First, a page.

Rao had worked in many parts of India. His last assignment was as General Manager and later on Director of Oriental Electric & Engineering Co. Ltd., Kolkata, for 17 years. As the president of  Karnataka Association and Madhwa Samaj of Kolkata, he had invited a number of artists from all over India for performances at Kolkata and his residence was a veritable guesthouse for eminent artists.  
     
After retirement, Rao was engaged in studies of philosophy and scriptures. He authored four books – Gift that is Life, My Enjoyment of Music, On the Other Hand, and Rigbhashya and Astrophysics, besides several research articles. His last work Vishnu Sahasranama: Aadibhautika Interpretation, has received scholarly review in Vedanta Kesari of August 2015.
     
From young age, Rao had good exposure to Carnatic, Hindustani and Western music. He was very knowledgeable about them and was quite a regular contributor to Sruti from 1986 to 2002. The late N. Pattabhi Raman held Rao in high esteem for his well researched articles. <<>>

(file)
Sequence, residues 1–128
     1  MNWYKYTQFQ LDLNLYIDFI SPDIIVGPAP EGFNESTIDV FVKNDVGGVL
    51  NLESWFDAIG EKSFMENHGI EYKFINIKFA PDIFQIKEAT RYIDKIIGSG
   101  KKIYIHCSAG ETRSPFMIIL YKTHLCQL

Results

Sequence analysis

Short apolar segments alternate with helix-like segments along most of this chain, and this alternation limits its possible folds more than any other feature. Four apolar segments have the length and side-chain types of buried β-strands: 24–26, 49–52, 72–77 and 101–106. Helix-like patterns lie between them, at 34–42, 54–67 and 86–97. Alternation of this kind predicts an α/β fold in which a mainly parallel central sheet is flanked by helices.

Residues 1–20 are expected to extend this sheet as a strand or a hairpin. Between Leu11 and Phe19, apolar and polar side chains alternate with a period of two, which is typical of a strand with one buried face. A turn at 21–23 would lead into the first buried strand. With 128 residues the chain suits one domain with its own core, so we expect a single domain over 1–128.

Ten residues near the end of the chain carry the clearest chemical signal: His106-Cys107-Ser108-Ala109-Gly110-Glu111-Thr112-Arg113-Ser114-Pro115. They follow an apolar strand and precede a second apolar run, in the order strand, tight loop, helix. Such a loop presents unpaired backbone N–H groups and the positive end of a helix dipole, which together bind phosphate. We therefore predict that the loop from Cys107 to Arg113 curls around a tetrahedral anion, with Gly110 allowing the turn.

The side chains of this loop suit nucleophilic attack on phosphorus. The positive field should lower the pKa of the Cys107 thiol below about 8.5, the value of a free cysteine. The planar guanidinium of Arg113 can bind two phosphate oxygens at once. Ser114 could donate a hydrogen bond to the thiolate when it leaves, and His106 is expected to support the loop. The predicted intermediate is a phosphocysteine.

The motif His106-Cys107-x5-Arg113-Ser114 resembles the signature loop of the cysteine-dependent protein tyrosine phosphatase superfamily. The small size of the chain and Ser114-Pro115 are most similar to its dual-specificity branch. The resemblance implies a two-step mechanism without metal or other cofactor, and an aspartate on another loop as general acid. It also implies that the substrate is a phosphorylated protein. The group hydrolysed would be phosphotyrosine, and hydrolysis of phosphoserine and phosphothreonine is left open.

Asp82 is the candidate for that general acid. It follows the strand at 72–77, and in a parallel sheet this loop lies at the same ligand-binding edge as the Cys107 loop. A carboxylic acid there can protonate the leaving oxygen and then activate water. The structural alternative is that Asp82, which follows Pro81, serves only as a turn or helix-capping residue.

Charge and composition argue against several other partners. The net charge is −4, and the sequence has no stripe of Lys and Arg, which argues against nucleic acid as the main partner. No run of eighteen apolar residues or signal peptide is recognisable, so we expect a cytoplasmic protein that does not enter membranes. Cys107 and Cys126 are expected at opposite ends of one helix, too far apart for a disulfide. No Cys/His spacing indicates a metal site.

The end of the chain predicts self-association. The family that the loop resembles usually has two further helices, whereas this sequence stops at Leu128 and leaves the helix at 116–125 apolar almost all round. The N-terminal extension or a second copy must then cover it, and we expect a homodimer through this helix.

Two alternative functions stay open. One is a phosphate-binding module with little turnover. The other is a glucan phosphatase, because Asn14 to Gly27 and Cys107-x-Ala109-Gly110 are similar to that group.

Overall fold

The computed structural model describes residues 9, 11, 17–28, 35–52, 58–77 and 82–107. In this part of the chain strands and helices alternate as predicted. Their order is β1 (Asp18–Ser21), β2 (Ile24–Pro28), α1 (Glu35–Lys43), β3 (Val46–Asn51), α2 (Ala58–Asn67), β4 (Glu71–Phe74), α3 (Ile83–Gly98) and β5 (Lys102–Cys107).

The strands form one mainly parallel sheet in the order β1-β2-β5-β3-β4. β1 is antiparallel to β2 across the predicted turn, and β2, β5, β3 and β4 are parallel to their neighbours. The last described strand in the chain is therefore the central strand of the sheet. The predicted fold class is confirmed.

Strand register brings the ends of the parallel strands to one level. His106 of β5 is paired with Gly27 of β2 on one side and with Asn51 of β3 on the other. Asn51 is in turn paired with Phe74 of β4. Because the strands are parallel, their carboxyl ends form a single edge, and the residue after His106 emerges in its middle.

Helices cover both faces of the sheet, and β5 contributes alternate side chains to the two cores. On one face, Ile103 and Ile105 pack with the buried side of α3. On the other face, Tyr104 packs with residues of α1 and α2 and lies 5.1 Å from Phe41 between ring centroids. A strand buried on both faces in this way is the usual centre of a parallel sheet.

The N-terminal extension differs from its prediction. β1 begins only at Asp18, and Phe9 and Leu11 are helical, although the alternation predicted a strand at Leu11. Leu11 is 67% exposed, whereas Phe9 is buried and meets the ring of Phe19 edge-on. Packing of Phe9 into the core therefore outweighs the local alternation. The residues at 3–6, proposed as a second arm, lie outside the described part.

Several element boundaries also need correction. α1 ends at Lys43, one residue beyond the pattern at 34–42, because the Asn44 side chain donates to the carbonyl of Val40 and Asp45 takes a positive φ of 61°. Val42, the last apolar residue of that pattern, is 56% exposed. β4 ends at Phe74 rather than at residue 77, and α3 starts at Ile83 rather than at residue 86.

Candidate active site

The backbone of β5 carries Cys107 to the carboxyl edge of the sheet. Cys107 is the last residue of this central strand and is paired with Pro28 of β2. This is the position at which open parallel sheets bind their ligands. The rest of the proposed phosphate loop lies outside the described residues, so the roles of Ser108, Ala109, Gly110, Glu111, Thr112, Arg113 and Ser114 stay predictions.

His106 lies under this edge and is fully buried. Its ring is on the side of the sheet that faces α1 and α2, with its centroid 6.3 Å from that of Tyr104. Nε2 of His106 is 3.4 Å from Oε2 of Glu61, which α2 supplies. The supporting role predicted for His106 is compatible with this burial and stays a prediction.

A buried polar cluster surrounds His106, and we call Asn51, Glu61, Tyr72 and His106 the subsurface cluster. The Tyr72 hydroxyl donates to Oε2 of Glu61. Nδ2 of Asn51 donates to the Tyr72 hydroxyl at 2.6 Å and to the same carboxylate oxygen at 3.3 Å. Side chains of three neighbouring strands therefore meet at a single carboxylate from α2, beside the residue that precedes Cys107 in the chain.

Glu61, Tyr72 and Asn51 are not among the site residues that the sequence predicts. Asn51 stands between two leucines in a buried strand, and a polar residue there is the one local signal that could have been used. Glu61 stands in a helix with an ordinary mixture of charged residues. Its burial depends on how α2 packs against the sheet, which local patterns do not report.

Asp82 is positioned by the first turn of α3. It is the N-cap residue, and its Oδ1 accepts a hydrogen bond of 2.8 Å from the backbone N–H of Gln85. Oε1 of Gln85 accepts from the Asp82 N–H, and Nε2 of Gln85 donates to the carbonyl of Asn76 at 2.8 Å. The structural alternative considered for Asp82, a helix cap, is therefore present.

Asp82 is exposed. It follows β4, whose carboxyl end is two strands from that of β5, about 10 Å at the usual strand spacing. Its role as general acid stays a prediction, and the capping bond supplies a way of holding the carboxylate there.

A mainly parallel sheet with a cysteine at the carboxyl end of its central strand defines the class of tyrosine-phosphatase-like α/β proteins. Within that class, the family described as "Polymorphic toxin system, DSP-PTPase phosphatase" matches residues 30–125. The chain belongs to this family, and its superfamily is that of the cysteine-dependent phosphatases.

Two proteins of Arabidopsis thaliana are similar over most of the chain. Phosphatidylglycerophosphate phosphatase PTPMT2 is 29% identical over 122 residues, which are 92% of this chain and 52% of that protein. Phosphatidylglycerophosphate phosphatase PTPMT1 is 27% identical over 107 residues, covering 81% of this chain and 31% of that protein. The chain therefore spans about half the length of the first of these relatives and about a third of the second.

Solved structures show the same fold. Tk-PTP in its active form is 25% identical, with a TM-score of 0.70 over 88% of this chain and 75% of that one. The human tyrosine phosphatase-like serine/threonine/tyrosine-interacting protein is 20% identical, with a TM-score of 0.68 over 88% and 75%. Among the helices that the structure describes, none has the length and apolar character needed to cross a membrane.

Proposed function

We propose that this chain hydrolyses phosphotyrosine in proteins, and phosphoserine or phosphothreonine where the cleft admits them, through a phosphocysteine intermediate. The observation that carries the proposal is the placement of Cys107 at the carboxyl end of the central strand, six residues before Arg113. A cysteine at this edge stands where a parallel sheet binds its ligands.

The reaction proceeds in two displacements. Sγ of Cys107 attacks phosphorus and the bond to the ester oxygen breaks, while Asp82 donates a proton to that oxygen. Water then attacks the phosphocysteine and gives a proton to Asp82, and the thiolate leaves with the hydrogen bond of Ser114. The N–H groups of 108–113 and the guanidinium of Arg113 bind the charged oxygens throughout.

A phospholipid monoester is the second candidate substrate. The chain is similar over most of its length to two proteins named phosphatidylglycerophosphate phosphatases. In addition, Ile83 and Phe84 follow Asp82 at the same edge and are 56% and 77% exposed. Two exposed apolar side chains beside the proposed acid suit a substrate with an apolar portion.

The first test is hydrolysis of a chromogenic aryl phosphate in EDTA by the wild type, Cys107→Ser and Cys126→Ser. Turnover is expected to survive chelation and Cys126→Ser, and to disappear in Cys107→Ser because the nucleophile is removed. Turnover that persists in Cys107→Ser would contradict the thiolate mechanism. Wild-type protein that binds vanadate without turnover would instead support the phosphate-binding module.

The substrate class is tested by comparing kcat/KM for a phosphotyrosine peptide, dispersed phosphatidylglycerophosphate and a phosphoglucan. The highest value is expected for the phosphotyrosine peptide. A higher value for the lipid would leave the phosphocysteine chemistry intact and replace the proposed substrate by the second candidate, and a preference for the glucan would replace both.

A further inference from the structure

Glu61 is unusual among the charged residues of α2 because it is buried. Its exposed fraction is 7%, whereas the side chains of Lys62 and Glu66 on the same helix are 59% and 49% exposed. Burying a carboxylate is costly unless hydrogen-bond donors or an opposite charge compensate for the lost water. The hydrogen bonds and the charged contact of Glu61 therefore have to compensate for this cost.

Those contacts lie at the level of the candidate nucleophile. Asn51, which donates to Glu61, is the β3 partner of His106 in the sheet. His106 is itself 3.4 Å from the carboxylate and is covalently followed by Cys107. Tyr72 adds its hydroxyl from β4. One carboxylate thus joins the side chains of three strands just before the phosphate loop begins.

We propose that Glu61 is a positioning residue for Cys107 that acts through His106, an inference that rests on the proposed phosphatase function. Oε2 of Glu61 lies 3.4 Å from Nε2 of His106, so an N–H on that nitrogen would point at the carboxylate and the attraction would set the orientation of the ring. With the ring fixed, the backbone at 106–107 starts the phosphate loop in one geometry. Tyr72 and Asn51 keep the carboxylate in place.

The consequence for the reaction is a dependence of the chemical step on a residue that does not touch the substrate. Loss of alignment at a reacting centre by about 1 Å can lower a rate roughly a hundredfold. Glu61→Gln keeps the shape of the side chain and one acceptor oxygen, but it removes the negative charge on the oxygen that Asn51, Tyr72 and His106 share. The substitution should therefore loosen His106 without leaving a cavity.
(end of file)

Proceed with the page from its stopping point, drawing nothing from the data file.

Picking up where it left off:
(The author is a Mysore-based freelance writer)


Friday, 7 August 2015

A concert in memory of Mallikarjun Mansur

By Shrinkhla Sahai

A morning concert is a rare event in Delhi. Risking the vagaries of the Delhi audience and Sunday morning inertia, a concert of morning ragas was organised by the New Age Foundation, commemorating the death anniversary of Mallikarjun Mansur, the late Jaipur-Atrauli gharana stalwart. 

Vocalist Priyadarshini Kulkarni and sarod maestro Biswajit Roy Chowdhury gave an inpressive recital with their thoughtful selection of ragas and intricate artistry. Delhi's rasikas turned up in good numbers at the India International Centre to enjoy a morning of Hindustani classical music. 

Priyadarshini Kulkarni started with a leisurely elaboration of raga Miyan ki Todi with the bada khayal Baajo re.  She was accompanied on the tabla by Sanjay Deshpande and on the harmonium by Vinay Mishra. The austerity of her rendition was deeply reminiscent of Mansur’s gayaki. Another hallmark of his style was immaculate layakari, which the vocalist displayed in the chhota khayal Eri maayi aaj badhawra. She concluded with a nostalgic composition in the combination raga Yamani Bilawal, dedicated to the memory of veteran journalist Praful Bidwai who passed away recently.